3 Things We Can Learn As Leaders from the Panama Papers

The Panama Papers scandal reminds us how volatile the overall business environment is. What’s more, things that would have not attracted much attention a few years ago, now generate a deluge of news. And look how in UK alone, how it has triggered the Great Revelation of Tax Returns from politicians …in just a week! Not to mention resignations of ministers in other countries. The external environment changes and you need to get good at spotting developments, and then finding the possibilities in them.

Peter Magna Carta and other (8) (Medium)

So, what are the “panama papers” equivalents in your own business environment? How often do you scan your own external context for possible disruptions, and then plan for them, or find ways to avoid them overall, or to find some Yes We Can ideas (thank you Obama)? Who has responsibility for this scanning in your organisation, or is it shared by everyone?

Some organisations might put Panama Paper type events under the Corporate Social Responsibility umbrella, and have policies about CSR. Others might say this is just plain common sense. “We don’t need policy. Do what’s right, and you won’t get into trouble….” Easy to say, but when trading across national borders, or even across different sectors within a country, where different hidden rules, or expected behaviours occur, what’s right in one context is not right in another. An example is the practices for business expenses. What is acceptable in a large corporate might not be acceptable in a heavily cash-strapped, cut to the bone public service.

The learning here for organisations is that you need to get under the cultural skin of your partners, suppliers and buyers. Find out what really motivates them, what they care about. It won’t be long before all large (maybe not that large) company directors are forced by public demand to be more open about their own finances. Will the public want to know how directors earn or invest their cash, beyond the perhaps publicly available information on their salaries?

The Panama Papers this raises interesting questions about whether an organisation’s “off shore free” status in broad terms (honest, clean, open) may be a differentiator, and something that external stakeholders look for. Some while ago, the Coop Bank rose in popularity because of the ethos of the Coop, but then it transpired that some their practices were found wanting by the UK’s Financial Services Authority in 2013. This was not an “offshore” event (as far as I can tell), but to most of the public, any kind of “financial” issue is all lumped together – it is perceptions that drive actions. In your organisation, are there some practices which are a bit iffy, but maybe the culture suppresses news about them for a while, and then it all leaks out…eventually?

But times for the Coop have changed dramatically, and last week, it was announced “Co-op boss Richard Pennycook has agreed to take a 60% cut in his pay package“, where Allan Leighton, Co-op chairman, said: “The move by Richard to reduce his pay shows the Co-op difference in action, as we champion a better way to do business for our members and their communities.” Isn’t this a great example of being in tune with stakeholder expectations.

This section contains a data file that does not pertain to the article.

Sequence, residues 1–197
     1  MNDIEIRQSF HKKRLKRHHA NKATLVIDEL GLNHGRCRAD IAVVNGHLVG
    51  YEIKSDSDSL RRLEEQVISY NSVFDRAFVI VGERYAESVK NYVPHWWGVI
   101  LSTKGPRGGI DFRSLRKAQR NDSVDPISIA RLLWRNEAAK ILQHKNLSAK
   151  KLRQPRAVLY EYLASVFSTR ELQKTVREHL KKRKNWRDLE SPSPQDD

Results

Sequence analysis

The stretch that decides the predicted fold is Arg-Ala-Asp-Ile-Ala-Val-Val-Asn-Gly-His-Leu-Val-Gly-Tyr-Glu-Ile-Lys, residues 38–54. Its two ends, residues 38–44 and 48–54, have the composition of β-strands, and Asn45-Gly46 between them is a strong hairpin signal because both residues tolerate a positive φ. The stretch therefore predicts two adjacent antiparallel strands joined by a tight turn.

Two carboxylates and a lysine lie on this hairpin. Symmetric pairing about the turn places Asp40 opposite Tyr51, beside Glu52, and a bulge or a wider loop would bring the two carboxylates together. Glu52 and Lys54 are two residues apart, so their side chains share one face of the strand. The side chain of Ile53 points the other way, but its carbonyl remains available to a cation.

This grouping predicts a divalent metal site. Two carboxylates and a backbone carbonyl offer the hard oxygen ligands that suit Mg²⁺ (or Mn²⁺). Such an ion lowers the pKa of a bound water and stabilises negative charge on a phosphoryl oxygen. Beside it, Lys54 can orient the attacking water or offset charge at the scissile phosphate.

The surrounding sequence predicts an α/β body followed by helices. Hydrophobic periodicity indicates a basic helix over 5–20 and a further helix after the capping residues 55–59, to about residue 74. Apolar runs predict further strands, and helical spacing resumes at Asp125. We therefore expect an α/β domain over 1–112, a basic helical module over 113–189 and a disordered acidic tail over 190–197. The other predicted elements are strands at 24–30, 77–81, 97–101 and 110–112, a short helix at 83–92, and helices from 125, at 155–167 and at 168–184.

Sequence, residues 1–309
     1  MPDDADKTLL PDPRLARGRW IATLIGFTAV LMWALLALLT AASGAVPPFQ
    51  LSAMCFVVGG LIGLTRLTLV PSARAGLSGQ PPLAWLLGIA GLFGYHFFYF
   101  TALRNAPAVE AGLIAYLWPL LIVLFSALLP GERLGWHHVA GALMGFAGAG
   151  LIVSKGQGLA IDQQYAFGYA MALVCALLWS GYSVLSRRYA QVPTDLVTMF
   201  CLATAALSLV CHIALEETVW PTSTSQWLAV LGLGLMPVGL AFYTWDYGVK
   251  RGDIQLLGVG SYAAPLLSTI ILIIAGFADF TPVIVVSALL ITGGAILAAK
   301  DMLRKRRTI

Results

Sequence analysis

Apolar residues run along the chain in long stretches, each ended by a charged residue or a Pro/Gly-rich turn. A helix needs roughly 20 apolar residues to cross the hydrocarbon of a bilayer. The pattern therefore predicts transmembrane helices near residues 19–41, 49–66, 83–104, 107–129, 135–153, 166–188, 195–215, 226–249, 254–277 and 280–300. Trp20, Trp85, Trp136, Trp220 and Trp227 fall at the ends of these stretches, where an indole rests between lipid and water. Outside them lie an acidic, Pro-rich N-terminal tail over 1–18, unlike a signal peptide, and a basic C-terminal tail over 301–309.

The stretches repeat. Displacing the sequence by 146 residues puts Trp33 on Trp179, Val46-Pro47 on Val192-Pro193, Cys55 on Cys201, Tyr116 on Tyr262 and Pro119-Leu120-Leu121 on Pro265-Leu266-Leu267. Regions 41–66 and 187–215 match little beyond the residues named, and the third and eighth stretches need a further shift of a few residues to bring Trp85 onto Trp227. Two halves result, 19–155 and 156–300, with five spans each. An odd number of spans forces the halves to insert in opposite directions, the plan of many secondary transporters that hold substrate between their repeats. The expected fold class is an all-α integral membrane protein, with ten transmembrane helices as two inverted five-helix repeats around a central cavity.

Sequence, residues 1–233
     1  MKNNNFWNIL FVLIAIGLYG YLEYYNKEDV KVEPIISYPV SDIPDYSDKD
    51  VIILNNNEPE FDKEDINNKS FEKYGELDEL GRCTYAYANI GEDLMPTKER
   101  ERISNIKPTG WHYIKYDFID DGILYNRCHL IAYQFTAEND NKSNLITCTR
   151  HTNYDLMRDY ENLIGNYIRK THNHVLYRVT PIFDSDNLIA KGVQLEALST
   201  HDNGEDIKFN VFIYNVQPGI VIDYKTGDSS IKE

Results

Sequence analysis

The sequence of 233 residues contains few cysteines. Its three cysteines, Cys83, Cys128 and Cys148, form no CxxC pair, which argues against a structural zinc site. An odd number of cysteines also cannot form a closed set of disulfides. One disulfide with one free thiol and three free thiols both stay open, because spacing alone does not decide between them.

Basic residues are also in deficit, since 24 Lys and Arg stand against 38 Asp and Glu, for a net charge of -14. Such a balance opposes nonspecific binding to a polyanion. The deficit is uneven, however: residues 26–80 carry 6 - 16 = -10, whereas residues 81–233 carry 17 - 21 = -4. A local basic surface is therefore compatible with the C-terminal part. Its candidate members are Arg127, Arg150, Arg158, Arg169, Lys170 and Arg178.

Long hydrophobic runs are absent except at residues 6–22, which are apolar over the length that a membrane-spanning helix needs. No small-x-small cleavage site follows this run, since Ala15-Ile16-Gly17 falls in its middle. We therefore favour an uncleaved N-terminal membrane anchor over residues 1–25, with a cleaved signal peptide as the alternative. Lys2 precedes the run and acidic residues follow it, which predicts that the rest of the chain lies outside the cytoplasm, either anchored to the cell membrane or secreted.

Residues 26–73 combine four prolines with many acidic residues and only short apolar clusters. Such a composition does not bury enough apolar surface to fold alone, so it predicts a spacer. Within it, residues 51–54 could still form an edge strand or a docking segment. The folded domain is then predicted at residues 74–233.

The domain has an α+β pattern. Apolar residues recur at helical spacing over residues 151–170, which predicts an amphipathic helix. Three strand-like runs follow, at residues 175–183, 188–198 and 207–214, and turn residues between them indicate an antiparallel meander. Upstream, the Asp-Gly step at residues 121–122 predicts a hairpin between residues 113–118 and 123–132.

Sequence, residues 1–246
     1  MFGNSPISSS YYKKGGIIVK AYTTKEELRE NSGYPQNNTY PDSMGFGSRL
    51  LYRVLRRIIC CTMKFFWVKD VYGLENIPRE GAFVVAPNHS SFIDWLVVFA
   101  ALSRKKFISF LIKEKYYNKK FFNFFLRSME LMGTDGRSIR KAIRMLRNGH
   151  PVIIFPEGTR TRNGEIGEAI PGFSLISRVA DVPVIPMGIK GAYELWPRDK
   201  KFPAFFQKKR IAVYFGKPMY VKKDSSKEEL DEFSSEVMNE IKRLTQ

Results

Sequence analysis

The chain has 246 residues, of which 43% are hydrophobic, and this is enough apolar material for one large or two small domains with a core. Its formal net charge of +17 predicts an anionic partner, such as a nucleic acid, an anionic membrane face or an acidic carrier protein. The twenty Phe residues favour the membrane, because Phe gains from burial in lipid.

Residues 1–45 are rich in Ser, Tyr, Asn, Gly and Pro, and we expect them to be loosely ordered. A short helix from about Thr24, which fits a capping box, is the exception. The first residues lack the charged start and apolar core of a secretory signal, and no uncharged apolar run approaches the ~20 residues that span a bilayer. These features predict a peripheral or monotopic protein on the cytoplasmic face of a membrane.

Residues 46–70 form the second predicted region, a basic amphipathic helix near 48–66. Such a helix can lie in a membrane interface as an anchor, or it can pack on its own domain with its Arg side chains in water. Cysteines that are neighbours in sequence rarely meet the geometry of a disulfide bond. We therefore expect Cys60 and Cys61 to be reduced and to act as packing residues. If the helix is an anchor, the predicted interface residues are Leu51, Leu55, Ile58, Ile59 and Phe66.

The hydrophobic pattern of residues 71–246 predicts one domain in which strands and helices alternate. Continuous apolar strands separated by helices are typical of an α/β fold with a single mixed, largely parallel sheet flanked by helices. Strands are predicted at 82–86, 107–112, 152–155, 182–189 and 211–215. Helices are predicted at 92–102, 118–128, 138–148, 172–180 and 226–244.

So, what can leaders do about all these risks and potential scandals that might engulf them? There are 3 things to start doing to get more in tune with scanning for ideas in the external environment:

  1. Create a culture of it being safe, even rewarding, to challenge the prevailing wisdom. This needs to start with leading by example. Is there an equivalent bold move you can make to publishing your own tax return? Ie Just doing it. No grand policies, just action you know will shift the thinking, and creatively shake things up. Some people may get upset, but you so long as you act with good intentions and integrity, and are politically astute, you will be respected.
  2. Recruit people who are willing to take risks, and to challenge the senior management. This means senior management must signal that they want to be challenged to think differently. This probably means your selection and interview practices need to change. Most CVs will not reveal that “I got into hot water trying to improve X, but at least I tried”. Do you want people only with solid technical skills, or also people with a bit of a radical spirit? Hang on a minute…isn’t being a creative type a solid technical skill anyway?! Take a look Values Based Recruitment in the UK’s National Health Service.
  3. Learn from other organisations. If a week goes by, and no one in any team meeting has brought in some new ideas from outside, this may be a sign that the organisation is too inward looking. Managers need to develop the ability to learn from different sectors. For example, if you are a transport manager, look for how healthcare managers solve problems and manage risks. If you are in the retail industry, what ideas about improving customer care can you spot developing in the airline industry as seen by airlinetrends.com? Are there ideas from other organisations that you can adapt and build on the 10% that’s useful, even if the 90% may not be relevant?

I am looking forward to the next instalment of the Panama Papers!

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